What to do about a pre-bankruptcy debt?

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What to do about a pre-bankruptcy debt?

I received a notice of deficiency for 3 years ago showing a canceled debt from a credit card. I filed for bankruptcy last year and included the canceled debt in the bankruptcy. Will filing a petition cancel out that debt or am I stuck because the occurances happened in separate years?

Asked on February 27, 2014 under Bankruptcy Law, Minnesota

Answers:

FreeAdvice Contributing Attorney / FreeAdvice Contributing Attorney

Answered 7 years ago | Contributor

Bankruptcy in the United States is a matter placed under federal jurisdiction by the United States Constitution (in Article 1, Section 8, Clause 4), which allows Congress to enact "uniform laws on the subject of bankruptcies throughout the United States". The Congress has enacted statutes governing bankruptcy, primarily in the form of the Bankruptcy Code, located at Title 11 of the United States Code. Federal law is amplified by state law in some places where Federal law fails to speak or expressly defers to state law.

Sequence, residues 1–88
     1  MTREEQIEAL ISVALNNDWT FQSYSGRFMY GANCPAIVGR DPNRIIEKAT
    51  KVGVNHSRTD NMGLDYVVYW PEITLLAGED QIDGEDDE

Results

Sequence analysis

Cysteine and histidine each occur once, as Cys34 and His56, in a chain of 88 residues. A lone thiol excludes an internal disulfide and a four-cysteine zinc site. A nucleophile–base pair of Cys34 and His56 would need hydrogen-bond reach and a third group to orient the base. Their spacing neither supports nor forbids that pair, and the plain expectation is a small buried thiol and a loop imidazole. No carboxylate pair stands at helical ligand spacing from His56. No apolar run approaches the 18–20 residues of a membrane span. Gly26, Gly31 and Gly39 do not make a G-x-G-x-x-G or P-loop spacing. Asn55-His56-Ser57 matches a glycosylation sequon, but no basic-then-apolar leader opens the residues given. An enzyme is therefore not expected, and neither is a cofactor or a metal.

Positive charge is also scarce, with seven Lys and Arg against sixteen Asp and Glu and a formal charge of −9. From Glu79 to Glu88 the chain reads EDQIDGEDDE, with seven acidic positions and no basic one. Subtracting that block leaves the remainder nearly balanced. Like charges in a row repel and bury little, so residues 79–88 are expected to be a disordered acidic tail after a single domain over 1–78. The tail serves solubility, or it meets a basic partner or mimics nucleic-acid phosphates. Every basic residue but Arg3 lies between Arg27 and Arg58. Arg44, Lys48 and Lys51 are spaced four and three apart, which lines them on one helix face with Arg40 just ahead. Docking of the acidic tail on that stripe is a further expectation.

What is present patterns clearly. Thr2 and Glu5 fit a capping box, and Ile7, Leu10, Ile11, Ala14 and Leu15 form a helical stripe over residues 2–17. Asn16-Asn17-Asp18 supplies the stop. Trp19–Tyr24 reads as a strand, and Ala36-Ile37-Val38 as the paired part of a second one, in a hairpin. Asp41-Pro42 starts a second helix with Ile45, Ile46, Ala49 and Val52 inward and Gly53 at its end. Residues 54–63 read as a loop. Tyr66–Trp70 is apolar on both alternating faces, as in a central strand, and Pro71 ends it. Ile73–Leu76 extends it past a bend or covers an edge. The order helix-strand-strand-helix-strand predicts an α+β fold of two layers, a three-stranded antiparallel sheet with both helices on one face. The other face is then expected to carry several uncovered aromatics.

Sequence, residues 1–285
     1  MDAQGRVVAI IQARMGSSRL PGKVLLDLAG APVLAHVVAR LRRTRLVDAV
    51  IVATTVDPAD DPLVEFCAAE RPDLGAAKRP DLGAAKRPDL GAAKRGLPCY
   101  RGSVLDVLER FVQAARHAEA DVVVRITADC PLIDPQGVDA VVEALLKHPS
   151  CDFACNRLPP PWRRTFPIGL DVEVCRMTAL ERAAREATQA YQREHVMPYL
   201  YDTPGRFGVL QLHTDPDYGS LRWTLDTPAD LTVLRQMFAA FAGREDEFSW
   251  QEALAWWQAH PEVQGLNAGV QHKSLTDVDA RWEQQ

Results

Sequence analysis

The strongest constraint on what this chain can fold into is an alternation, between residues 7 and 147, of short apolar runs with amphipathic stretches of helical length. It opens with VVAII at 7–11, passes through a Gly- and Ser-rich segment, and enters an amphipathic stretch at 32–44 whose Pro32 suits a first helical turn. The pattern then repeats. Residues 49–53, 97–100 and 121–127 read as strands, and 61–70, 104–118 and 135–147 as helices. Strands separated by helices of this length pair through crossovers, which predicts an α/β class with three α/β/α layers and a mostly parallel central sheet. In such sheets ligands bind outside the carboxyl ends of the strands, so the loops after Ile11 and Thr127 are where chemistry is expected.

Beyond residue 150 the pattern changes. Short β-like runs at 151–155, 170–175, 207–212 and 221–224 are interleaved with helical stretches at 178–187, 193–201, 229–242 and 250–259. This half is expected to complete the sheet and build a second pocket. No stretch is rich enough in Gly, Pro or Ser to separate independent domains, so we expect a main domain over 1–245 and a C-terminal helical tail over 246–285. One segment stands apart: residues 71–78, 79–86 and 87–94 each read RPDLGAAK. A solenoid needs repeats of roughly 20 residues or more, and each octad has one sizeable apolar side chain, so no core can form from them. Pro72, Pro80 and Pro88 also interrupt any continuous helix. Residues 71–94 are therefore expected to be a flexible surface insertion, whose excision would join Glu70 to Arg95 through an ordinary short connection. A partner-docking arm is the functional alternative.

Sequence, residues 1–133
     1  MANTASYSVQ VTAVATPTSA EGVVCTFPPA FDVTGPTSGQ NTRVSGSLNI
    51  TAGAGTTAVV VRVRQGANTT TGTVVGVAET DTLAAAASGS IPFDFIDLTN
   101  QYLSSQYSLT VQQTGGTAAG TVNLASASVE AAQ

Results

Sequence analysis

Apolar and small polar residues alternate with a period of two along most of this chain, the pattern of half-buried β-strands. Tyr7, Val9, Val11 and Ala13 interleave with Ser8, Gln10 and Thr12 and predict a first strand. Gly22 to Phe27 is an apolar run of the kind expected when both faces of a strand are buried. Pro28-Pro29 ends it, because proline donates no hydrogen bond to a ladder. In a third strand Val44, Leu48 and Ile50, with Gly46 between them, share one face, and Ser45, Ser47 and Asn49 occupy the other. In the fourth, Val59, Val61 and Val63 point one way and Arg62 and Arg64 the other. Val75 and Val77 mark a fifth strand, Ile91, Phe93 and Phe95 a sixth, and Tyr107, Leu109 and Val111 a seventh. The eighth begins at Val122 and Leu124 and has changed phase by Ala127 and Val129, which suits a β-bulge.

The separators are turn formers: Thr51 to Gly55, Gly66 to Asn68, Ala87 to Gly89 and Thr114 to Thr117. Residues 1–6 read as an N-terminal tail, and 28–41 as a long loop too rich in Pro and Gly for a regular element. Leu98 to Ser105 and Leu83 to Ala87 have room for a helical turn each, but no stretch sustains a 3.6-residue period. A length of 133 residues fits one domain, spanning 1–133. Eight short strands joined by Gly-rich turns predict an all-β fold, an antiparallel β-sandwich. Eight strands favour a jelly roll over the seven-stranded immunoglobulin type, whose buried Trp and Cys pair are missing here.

While bankruptcy cases are always filed in United States Bankruptcy Court (an adjunct to the U.S. District Courts), bankruptcy cases, particularly with respect to the validity of claims and exemptions, are often dependent upon State law. State law therefore plays a major role in many bankruptcy cases, and it is often not possible to generalise bankruptcy law across state lines.

Generally, a debtor declares bankruptcy to obtain relief from debt, and this is accomplished either through a discharge of the debt or through a restructuring of the debt. Generally, when a debtor files a voluntary petition, his or her bankruptcy case commences.

Answer: If you named the credit card creditor in your bankruptcy and you get a discharge, the debt you owed will be foregiven.


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